The debate about what to do at the trade deadline rages on. Generally, I have felt that the most realistic thing the Cardinals could do was add a reliever, and I wrote about the possibility of adding Jake McGee on Saturday. Others have felt similarly, with Joe covering the possibility of adding Andrew Miller, and John making a case for Fernando Salas.
The problem is, there just aren't that many quality candidates. There's quite a few bad teams, but those bad teams are really bad, and their bullpens are particularly bad. The relievers that have been good will have quite an interest, and a tendency for relievers to be valued higher in MLB trade than public valuation could get out of hand. For my last article, I claimed that the Cardinals would probably look to buy-low on someone they think will bounce-back. For that, I created a list of every pitcher on every team that should definitely sell: The Braves, Phillies, Reds, Brewers, Rockies, Padres, Diamondbacks, Athletics, Angels, Twins, Rays. More teams will likely join that list, but for now, those are the selling teams.
Anyway, I looked at every reliever on those 11 teams, taking their current FIP and xFIP and their Rest of Season (R.O.S.) projected FIP. From there, I could identify what players are likely to bounce-back according to the projections. There weren't that many good candidates. Chris Capuano, for instance, had the biggest difference between his FIP and projected FIP, but his projected FIP was still 4.13. So he'll probably bounce-back, but what he'll bounce-back to still isn't all that valuable. To John's credit, Salas did very well by this method. It was also the inspiration for me to look into Jake McGee, although that ended with disappointment. Brandon Maurer was also a bounce-back candidate, but was already traded to the Marlins.
But wait, Brandon Maurer! Another starting pitcher who, after having a stretch of underwhelming results, reinvented himself by moving to the bullpen. It's a lot easier to pitch out of the pen than out of the rotation: despite relievers overall being the weaker group of pitchers, the league average reliever has an FIP 25 points lower than the average starter, 4.32 to 4.07. In general, that's explained by two things: (1) relievers are able to throw harder since they have shorter appearances than a starter and (2) relievers don't make it more than once around the order, so hitters don't get to see them multiple times.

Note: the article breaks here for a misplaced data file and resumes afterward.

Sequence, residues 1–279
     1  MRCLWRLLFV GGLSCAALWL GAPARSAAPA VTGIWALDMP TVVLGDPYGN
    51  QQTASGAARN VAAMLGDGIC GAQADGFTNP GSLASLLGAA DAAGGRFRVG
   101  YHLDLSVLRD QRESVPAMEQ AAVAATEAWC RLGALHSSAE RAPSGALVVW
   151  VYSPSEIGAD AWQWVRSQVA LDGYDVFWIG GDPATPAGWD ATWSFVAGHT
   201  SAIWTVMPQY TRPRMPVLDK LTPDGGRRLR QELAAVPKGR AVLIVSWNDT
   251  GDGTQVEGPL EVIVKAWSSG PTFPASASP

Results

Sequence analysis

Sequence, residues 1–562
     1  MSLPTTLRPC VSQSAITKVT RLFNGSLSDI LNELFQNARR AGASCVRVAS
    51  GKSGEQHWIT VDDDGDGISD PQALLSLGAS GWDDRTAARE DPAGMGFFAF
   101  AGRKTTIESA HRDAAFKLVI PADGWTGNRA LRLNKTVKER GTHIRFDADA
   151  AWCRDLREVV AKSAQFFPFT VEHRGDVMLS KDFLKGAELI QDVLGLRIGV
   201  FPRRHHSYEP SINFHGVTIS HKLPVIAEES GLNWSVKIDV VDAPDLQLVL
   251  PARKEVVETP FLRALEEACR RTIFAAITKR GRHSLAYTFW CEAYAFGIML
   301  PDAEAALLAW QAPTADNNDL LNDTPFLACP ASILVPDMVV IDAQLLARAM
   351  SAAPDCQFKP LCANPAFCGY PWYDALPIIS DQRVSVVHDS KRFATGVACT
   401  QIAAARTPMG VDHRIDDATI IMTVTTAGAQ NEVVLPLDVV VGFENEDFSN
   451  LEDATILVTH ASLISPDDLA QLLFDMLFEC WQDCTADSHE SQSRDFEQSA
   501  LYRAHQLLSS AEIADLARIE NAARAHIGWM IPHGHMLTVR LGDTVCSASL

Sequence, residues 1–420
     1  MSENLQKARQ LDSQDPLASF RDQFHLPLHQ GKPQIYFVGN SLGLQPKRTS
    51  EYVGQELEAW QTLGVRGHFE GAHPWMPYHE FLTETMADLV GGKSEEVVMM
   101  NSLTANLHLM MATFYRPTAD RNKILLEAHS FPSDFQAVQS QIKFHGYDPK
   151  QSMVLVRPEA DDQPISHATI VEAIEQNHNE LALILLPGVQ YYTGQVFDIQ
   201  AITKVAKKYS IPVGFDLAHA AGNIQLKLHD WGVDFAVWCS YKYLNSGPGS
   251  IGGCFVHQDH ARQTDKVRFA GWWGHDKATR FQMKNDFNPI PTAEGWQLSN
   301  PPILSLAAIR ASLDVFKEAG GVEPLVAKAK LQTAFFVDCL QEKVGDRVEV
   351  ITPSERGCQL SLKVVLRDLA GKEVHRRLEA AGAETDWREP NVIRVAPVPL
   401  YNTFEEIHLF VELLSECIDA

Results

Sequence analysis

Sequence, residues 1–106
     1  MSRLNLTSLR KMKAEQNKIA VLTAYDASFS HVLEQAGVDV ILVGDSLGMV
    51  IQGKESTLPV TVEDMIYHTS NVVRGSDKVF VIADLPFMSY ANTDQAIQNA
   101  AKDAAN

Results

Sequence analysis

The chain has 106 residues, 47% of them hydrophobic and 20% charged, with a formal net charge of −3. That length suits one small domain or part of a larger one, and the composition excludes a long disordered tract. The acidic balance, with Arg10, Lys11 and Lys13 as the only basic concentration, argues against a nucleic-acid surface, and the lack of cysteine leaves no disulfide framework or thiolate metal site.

So, I had a new project. I set out to measure the advantage a reliever has by essence of being a reliever. I looked at seasons within the Pitch f/x era (which began in 2007) for seasons in which pitchers threw both 20 inning out of the bullpen and 40 innings as a starter.
That got me 144 seasons. That wasn't quite enough though, so I did back-to-back seasons as well. Any time a pitcher threw 20 relief innings one year, and 40 starter innings in the year before or after, I added into my data set. But I didn't want to double count any performances, so if I already had a single season from that player that covered one of those years, I didn't count the year to year match.
That brought my sample size to 276 instances of a player pitching both out of the rotation and bullpen in a short time frame. With that list put together, I took each player's differential at a bunch of different pitching stats, to see the average difference pitchers had between the rotation and bullpen. Here is the average advantage when pitching out of the bullpen:
When pitching out of relief, a pitcher becomes better at almost everything. I was surprised that BB% increased, but with a 3.4% increase in K%, it seems relievers become more effectively wild. They do better on batted ball stats as well, getting more grounders, less homers per fly ball, and more infield flys as a percentage of fly balls.
The velocity increase holds up as well, with pitchers on average adding about a mph to their fastballs. Hitters become more aggressive as a whole when a pitcher moves to relief, and they make less contact. Zone% remains nearly unchanged.That 65 points of FIP though, is the number I'm looking for. That's the amount that, on average, pitchers gain in run prevention ability when coming out of relief rather than starting. And that finally brings us to the subject of today's post: Jorge de la Rosa.
de la Rosa combines both Saturday's premise and today's: a bounce-back candidate, and a struggling starter that could reinvent himself as a reliever. He has had an ugly season so far that already got him booted from a bad rotation temporarily, and even after righting the ship a bit he has a 2016 FIP of 5.85.
Like McGee, de la Rosa pitches in the harshest environment to pitch in, Coors field. Thus that 5.85 comes out to a FIP- of 120, meaning his FIP is 20% higher than average. He's been better by xFIP, with a 4.96 xFIP (109 xFIP-) and the projections like him even better than that, at 4.43, which is lower than average in his environment. That's also up from his preseason projection of 4.21, so it's not like the projections are just being stubborn. They see a skill change in the wrong direction, and still think he'll be much better going forward.